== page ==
Prior to 1972 judicial review of compensation orders under the Defense Base Act and the Longshoremen's Act was properly sought in the appropriate district court.6 In 1972 Congress amended the Longshoremen's Act to its current form creating another level of administrative review, the Benefits Review Board,7 and providing for direct review of the Board's decisions in the court of appeals.8 Congress did not, however, whether through legislative oversight or intent, amend the judicial review provisions of the Defense Base Act. Accordingly, we are bound to apply the current statutory scheme until Congress dictates otherwise.

13

Petitioner's reliance on 33 U.S.C. § 921(c) as authority for the existence of jurisdiction in this court to review the instant petition is misplaced for two reasons. First, § 921(c) is the judicial review provision of the Longshoremen's Act and it is not applicable to the present claim brought under the auspices of the Defense Base Act. 42 U.S.C. § 1653(b) governs judicial review of Defense Base Act claims. Further, from a reading of the statute it becomes clear that § 921(c) is inapplicable to the case at bar. Section 921(c) provides that "any person adversely affected or aggrieved by a final order of the Board may obtain review of that order in the United States court of appeals for the circuit in which the injury occurred . . . ." Guantanamo Bay, Cuba, is not included in any judicial circuit. More particularly, for our purposes, Guantanamo Bay is not in the Sixth Circuit. Therefore, if we apply § 921(c) as the petitioner suggests, judicial review of the case in any forum may be foreclosed.

14

Under the current statutory scheme the compensation order in the present case is reviewable in the appropriate United States district court pursuant to 42 U.S.C. § 1653(b). Accordingly, the petition for review is dismissed.9

1

33 U.S.C. §§ 901-50. Hereinafter "Longshoremen's Act."

2

42 U.S.C. §§ 1651-54. Hereinafter "Defense Base Act."

3

33 U.S.C. § 904

4

42 U.S.C. § 1651 provides in pertinent part:

(a) Except as herein modified, the provisions of the Longshoremen's and Harbor Workers' Compensation Act, approved March 4, 1927 (44 Stat. 1424), as amended, shall apply in respect to the injury or death of any employee engaged in any employment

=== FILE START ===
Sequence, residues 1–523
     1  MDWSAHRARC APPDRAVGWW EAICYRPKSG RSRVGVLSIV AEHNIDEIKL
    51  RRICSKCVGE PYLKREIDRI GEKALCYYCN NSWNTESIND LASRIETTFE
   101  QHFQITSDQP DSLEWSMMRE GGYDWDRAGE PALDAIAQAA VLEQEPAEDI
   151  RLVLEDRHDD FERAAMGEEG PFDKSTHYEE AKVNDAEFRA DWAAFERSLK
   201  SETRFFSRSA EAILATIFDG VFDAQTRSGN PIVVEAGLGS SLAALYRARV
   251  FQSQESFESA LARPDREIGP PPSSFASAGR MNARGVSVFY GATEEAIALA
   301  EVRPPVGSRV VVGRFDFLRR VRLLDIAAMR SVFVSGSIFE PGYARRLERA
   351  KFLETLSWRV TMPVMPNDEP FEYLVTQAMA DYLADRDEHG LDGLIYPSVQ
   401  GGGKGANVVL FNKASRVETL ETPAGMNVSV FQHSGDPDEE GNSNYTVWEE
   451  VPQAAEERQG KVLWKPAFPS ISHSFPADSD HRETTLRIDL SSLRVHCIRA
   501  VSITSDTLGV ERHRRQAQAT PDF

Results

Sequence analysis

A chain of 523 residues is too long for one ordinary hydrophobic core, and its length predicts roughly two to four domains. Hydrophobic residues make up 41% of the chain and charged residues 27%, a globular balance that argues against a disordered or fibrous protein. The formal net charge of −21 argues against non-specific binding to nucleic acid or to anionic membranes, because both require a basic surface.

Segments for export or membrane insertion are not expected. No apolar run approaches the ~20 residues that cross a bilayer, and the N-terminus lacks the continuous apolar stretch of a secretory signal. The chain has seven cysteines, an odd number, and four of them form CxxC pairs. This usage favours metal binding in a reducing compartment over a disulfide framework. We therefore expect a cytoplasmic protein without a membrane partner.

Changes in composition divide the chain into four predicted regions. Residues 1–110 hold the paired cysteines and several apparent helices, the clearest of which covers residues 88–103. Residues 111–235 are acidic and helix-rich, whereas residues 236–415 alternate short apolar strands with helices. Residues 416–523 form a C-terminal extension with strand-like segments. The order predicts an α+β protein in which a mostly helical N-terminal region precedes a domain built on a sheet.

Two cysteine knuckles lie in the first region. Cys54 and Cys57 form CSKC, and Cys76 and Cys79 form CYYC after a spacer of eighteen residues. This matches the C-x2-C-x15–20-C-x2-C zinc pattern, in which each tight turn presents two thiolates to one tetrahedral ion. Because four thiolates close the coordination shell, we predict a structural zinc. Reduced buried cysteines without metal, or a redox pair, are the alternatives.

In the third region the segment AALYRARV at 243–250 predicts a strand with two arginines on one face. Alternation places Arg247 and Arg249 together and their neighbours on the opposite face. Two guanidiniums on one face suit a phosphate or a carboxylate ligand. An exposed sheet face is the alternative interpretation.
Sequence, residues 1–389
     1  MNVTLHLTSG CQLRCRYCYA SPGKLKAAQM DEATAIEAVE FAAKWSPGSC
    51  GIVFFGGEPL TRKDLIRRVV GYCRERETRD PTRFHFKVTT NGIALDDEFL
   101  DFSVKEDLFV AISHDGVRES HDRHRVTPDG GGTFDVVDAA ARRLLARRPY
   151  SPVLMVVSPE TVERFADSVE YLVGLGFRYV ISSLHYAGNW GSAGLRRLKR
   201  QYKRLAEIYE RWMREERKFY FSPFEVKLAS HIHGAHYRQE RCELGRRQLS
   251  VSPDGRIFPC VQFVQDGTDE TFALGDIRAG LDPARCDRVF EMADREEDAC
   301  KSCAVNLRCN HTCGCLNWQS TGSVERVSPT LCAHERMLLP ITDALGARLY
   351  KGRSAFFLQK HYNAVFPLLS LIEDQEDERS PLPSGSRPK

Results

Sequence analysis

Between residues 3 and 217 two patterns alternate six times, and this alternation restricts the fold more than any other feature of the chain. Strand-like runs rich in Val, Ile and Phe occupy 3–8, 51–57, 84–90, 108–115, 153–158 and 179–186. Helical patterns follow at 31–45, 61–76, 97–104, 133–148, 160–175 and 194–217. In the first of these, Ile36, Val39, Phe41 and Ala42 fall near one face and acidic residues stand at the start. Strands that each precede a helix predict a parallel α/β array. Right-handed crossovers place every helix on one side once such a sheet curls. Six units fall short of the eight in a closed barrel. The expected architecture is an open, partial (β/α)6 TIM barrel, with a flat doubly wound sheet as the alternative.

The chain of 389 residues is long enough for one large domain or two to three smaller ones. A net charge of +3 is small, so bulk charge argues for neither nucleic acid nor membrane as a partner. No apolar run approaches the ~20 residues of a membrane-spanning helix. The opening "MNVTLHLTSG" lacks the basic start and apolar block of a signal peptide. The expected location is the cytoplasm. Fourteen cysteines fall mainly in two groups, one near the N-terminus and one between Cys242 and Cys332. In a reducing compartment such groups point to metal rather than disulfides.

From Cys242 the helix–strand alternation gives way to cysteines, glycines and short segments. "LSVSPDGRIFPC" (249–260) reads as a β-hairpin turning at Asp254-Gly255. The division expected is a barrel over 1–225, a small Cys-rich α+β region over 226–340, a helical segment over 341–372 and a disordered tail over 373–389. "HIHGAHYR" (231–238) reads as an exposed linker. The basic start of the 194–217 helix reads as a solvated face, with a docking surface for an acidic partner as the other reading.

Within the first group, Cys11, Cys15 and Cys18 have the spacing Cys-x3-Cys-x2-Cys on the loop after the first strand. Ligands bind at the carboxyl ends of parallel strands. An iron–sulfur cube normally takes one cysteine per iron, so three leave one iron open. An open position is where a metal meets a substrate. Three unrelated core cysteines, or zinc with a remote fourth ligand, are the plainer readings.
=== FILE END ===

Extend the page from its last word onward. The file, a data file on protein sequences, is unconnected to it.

(1) at any military, air, or naval base acquired after January 1, 1940, by the United States from any foreign government; or

(2) upon any lands occupied or used by the United States for military or naval purposes in any Territory or possession outside the continental United States (including the United States Naval Operating Base, Guantanamo Bay, Cuba; and the Canal Zone); or

(3) upon any public work in any Territory or possession outside the continental United States (including the United States Naval Operating Base, Guantanamo Bay, Cuba; and the Canal Zone), if such employee is engaged in employment at such place under the contract of a contractor (or any subcontractor or subordinate subcontractor with respect to the contract of such contractor) with the United States; but nothing in this paragraph shall be construed to apply to any employee of such a contractor or subcontractor who is engaged exclusively in furnishing materials or supplies under his contract;

5

In response to respondents' motion to dismiss this appeal for a lack of jurisdiction, counsel for petitioner cited this court to 42 U.S.C. § 1653 as controlling the jurisdictional question. Counsel cited the statute in the following manner:

§ 1653, 42 U.S.C. (B) provides in part that "Judicial proceedings provided in Sections 18 and 21 of 33 U.S.C. § 901 et seq. in respect to a compensation order made pursuant to this Act, shall be instituted in the judicial district wherein is located the office of the deputy commissioner whose compensation order is involved" .

The statute correctly reads as follows:

Judicial proceedings provided under sections 18 and 21 of the Longshoremen's and Harbor Workers' Compensation Act in respect to a compensation order made pursuant to this chapter shall be instituted in the United States district court of the judicial district wherein is located the office of the deputy commissioner whose compensation order is involved if his office is located in a judicial district, and if not so located, such judicial proceedings shall be instituted in the judicial district nearest the base at which the injury or death occurs. (Emphasis added.)

Counsel failed to cite that portion of the statute referring to "the United States district court." Counsel also failed to indicate, through the use of an ellipisis or other means, the omission in the citation. Cf. DR7-102(A)(5); DR7-106(B)(1) ABA Code of Professional Responsibility.

6

Compare 42 U.S.C. § 1653(b) With the prior version of 33 U.S.C. § 921(c). The prior version of 33 U.S.C. § 921(c) provided in pertinent part:

If not in accordance with law, a compensation order may be suspended or set aside, in whole or in part, through injunction proceedings, mandatory or otherwise, brought by any party in interest against the deputy commissioner making the order, and instituted in the Federal district court for the judicial district in which the injury occurred (or in the Supreme Court of the District of Columbia if the injury occurred in the District).

Pub.L.No.69-803 § 21(b), 44 Stat. 1436 (1927).

7

33 U.S.C. § 921(b)

8

33 U.S.C. § 921(c), as amended in 1972:

Any person adversely affected or aggrieved by a final order of the Board may obtain a review of that order in the United States court of appeals for the circuit in which the injury occurred, by filing in such court within sixty days following the issuance of such Board order a written petition praying that the order be modified or set aside.

9

In light of our disposition of this case on jurisdictional grounds, we render no opinion on the merits of the petition for review